Tentacles of Red menace

The Government must not show any mercy while dealing with Maoists. But it must also address genuine tribal grievances.

Maoist Politburo member Mallojula Koteshwar Rao, alias Kishenji, wanted for various horrendous crimes, was killed in a police encounter on November 24. The killing has led his supporters and some political parties to allege that he was eliminated in a ‘fake encounter’. Officials have denied the charge. A two-day bandh was called by the Communist Party of India (Maoist) and its various front organisations to protest against the killing of Kishenji.
Maoists neither respect citizens’ rights nor believe in the Constitution of India. When the need arises they and their sympathisers are the first to level allegations. Responding to the allegation that Kishenji was killed in a fake encounter, West Bengal Chief Minister Mamata Banerjee said on November 27, “The Maoists fired 1,000 rounds. It could have caused the death of at least 500 people who live in adjoining villages. The police told me they had given them three days’ time, but the Maoists did not pay heed. So our policemen had no other option but to fire back. The Maoists wanted to target me and other senior leaders. They had plans to sabotage Metro stations, railway stations like Howrah and Sealdah. I shudder to think of it. When a common man is killed, the Maoists never take out a rally or call a bandh. Why? Does a common man have no human rights?”
In nearly 1,600 violent incidents involving Maoists in 2010, as many as 669 people died. There have been spectacular attacks across the country, including a train hold-up involving 250 armed fighters, a jailbreak that freed 350 prisoners and a near-miss assassination attempt in 2004 against a leading politician. Their main targets are the people, including the security forces, who fight against the reign of terrorism and extortion the Maoists have unleashed.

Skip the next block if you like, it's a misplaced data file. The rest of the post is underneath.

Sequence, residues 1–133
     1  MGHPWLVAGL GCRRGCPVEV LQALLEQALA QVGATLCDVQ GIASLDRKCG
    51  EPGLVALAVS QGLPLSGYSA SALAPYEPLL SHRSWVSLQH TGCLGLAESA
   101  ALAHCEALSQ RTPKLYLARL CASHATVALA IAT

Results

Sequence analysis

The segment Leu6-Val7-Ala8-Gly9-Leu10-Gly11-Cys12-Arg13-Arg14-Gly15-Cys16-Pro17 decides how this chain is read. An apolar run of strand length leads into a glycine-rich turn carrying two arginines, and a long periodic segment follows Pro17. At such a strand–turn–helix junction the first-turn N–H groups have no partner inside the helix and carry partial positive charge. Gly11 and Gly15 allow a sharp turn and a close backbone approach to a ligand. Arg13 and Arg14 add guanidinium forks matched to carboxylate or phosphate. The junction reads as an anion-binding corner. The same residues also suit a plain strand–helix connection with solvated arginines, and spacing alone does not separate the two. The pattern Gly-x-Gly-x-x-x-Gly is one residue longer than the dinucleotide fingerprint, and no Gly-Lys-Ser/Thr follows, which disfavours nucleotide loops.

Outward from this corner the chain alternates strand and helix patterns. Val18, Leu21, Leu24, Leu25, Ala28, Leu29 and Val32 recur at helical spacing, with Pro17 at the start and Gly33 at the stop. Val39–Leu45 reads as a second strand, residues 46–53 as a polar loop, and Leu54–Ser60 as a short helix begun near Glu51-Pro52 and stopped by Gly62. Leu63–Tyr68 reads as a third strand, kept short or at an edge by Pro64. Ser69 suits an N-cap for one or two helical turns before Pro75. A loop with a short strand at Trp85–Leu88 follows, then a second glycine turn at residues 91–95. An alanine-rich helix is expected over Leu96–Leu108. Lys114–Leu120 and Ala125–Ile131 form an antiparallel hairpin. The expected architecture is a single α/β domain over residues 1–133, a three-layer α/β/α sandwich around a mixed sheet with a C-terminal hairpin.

In 2009, Maoists attacked the Eastern Frontier Rifles camp at Silda and killed 24 paramilitary forces. On April 6, 2010, Maoists struck at Dantewada and killed 74 personnel of the Central Reserve Police Force and two policemen. Fifty others were wounded in the series of attacks on security convoys in Dantewada district in Chhattisgarh The attack resulted in the biggest loss of life security forces have suffered since launching a large-scale offensive against the Maoists. Again, on December 3, nine security persons escorting a Jharkhand MP were killed.
Killing is abhorrent and inexcusable. But it is amazing that a crescendo of protests is raised whenever any criminal, be a Maoist or a terrorist, is gunned down. Obviously, for the protesting groups, the killing of killers is a greater crime than the killing of innocent citizens or security personnel.
Maoists are exploiting the dire and unacceptable poverty in the tribal and other backward regions of the country. Planning by Governments is one thing and the implementation of schemes is entirely another. The Prime Minister has repeatedly said that the delivery system has failed. If any proof of that is needed it is there in the latest report of Transparency International released in November. It reveals that India has scored 3.1 (down from 3.3 last year) on a scale where 10 indicates very clean and zero represents the highest level of corruption, on the Corruption Perceptions Index. Indeed, the score has been falling since 2007, when it stood at 3.5. Year after year, India has slipped by one or two notches.  The index focuses on corruption in the public sector, involving public officials, civil servants and politicians.